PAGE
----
10. Absolutely LOVE what you did with this room. My stepdaughters also share a room since they’re only with us half time and they’re both starting to need their own space. I might snag a few of these ideas!!

  11. Wow – just found this. I was the stepchild in our situation and I slept in a guest room and was apportioned a bedside table to hold my stuff. I always used luggage and never felt at home. And I was there two nights a week. Go you for making such an effort to understand your girls. I don’t say the “your girls” comment lightly but plainly – you earned it!

  12. I am step mom to a beautiful girl who only sleeps over once in a blue moon. This is making me wish we had her more often so we could go to town on a room. After we move into our next place, I think we will do it up like this. So much inspiration, even for one kid!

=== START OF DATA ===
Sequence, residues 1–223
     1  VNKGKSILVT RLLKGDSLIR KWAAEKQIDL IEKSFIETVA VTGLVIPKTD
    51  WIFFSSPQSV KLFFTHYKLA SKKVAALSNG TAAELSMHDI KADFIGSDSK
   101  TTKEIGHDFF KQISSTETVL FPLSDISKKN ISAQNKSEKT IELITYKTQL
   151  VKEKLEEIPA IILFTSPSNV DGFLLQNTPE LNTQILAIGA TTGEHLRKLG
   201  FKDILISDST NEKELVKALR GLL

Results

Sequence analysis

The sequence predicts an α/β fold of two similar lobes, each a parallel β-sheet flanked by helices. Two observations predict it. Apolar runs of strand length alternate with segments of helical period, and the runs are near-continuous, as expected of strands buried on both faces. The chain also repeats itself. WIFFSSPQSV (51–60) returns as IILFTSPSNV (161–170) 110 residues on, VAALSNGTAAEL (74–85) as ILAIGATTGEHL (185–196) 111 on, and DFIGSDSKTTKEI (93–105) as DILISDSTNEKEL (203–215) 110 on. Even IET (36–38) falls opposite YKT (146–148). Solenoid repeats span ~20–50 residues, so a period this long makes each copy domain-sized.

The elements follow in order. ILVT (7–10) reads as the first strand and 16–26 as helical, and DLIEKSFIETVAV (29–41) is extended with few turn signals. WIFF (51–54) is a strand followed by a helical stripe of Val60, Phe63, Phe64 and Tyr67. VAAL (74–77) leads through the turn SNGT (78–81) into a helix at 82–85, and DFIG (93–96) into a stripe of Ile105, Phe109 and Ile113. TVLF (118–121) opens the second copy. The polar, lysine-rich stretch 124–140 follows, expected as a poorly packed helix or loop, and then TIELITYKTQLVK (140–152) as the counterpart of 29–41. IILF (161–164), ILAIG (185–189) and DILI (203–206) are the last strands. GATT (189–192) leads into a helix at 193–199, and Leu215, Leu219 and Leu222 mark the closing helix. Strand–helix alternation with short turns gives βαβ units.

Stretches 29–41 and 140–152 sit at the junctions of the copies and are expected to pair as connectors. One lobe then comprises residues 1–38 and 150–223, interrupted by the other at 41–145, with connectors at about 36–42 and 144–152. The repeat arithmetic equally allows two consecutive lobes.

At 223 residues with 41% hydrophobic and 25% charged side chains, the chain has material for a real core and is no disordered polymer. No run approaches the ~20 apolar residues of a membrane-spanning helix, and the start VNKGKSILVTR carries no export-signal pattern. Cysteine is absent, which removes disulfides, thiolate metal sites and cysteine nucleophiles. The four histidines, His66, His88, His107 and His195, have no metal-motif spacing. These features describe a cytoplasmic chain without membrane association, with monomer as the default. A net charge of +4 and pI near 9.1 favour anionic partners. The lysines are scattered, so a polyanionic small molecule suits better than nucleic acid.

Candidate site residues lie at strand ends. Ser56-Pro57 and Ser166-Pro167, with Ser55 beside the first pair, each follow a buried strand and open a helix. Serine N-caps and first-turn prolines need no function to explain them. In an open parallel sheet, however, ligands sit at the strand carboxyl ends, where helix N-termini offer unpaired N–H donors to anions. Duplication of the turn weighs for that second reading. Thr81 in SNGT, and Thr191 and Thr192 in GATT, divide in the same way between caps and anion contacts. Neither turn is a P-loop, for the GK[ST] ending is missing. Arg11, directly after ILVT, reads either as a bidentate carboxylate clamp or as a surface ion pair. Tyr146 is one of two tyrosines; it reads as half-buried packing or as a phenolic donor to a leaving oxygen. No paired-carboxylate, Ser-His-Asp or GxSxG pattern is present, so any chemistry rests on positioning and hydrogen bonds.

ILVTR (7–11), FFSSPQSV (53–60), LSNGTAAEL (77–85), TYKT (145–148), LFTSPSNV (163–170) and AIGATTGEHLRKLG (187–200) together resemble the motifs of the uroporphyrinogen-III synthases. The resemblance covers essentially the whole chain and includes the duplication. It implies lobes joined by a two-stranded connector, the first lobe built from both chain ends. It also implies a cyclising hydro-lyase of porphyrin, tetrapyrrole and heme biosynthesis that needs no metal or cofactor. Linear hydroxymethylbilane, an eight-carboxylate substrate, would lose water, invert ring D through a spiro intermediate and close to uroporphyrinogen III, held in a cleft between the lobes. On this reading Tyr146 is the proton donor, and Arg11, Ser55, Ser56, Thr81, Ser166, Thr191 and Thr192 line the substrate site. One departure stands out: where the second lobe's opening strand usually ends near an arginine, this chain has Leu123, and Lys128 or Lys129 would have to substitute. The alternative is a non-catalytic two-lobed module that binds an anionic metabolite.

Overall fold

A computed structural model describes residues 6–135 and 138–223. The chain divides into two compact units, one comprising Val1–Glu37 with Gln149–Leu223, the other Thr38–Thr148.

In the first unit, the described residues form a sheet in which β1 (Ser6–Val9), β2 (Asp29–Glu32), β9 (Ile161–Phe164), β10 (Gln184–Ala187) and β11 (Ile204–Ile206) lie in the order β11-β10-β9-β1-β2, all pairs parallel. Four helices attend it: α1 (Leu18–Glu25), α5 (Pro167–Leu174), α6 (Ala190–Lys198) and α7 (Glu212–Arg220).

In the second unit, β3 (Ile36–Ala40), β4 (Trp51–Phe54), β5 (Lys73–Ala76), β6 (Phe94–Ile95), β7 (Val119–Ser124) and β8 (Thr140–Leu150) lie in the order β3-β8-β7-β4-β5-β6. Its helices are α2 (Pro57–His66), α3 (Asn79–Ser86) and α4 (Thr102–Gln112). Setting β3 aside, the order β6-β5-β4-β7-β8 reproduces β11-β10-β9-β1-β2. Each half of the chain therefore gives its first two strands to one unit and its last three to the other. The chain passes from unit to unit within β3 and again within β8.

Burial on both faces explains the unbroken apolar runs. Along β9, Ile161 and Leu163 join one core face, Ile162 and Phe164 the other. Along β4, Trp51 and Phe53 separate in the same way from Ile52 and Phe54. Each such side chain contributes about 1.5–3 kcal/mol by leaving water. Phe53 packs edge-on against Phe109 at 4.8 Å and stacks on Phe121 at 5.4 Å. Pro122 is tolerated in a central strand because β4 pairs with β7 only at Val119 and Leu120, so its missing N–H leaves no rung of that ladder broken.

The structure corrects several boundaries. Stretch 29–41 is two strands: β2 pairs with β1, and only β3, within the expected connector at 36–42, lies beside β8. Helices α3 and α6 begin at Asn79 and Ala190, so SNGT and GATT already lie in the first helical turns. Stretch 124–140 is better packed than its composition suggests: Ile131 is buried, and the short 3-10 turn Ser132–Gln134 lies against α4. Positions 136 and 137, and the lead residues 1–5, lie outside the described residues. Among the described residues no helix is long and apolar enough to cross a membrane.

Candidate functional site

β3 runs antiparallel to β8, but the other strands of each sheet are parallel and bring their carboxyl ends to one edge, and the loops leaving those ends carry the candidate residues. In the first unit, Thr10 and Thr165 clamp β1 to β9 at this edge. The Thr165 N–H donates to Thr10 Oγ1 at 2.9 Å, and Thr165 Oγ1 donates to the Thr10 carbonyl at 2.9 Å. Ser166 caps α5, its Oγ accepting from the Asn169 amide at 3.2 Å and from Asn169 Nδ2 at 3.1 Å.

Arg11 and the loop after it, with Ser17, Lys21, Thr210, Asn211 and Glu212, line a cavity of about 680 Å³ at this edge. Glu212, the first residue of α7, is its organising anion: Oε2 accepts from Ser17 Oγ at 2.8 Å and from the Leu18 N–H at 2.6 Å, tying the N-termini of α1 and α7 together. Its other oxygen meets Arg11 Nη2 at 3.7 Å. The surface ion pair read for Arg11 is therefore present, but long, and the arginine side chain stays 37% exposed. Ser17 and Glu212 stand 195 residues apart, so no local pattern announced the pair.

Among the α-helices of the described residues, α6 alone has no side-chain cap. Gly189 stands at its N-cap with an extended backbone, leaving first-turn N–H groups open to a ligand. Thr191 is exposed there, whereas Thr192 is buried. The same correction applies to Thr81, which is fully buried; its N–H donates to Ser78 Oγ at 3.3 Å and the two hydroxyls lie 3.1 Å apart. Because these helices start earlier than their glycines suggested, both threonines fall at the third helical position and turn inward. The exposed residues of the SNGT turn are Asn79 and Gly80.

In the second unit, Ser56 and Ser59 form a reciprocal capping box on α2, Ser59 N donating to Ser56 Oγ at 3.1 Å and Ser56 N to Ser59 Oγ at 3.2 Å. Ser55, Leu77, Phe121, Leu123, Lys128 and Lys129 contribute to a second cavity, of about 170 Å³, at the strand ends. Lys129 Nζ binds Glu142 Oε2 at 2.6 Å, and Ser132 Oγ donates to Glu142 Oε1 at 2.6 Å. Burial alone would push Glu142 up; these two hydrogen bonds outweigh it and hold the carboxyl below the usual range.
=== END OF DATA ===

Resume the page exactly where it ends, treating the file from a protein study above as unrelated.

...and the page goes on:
13. this is tammy again sorry about that what I am so happy/supprized to find someone who had this situation and came up with a great solution! Our situation with the girls room is exactly like your except these two tween/teens live with us full time thier our biological girls…. thats the only differenc soooooo any ways my question to you could you please be more specific on the construction on the beds and what kind of wood and paint or gloss did you use? if you dont mind I believe we found our answer to our bedroom delima and my husband is a framer so that works we will copy your design . idea if ya dont mind? Thanks for your story it did help Tammy

Comments are closed.